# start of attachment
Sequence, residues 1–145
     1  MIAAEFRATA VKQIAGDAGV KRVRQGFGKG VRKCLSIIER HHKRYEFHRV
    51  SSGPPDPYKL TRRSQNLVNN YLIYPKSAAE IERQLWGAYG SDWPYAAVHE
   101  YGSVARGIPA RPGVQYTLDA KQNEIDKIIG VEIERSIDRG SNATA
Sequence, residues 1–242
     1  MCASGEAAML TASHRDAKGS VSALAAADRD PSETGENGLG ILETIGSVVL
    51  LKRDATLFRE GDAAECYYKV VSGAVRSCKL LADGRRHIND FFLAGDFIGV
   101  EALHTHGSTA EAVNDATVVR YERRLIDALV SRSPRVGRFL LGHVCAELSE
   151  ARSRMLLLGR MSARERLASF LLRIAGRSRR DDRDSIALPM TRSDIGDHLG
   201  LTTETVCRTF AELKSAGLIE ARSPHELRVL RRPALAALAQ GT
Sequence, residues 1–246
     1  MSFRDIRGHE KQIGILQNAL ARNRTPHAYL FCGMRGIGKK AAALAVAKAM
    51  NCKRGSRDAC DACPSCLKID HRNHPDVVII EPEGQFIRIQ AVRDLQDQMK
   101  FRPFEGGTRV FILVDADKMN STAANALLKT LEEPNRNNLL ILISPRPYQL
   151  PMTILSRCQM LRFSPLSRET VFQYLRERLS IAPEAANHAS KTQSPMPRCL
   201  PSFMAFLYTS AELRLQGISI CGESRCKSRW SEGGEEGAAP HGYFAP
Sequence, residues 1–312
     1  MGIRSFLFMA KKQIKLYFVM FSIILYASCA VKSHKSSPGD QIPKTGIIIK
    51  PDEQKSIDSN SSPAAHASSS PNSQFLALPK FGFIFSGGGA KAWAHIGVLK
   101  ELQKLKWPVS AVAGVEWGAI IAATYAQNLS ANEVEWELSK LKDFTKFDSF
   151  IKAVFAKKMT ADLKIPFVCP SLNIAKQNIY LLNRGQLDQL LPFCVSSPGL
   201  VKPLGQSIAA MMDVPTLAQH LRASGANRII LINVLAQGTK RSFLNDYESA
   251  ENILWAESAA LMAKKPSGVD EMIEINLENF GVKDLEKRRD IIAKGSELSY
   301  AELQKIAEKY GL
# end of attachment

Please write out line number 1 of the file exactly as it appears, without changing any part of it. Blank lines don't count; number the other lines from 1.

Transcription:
Sequence, residues 1–145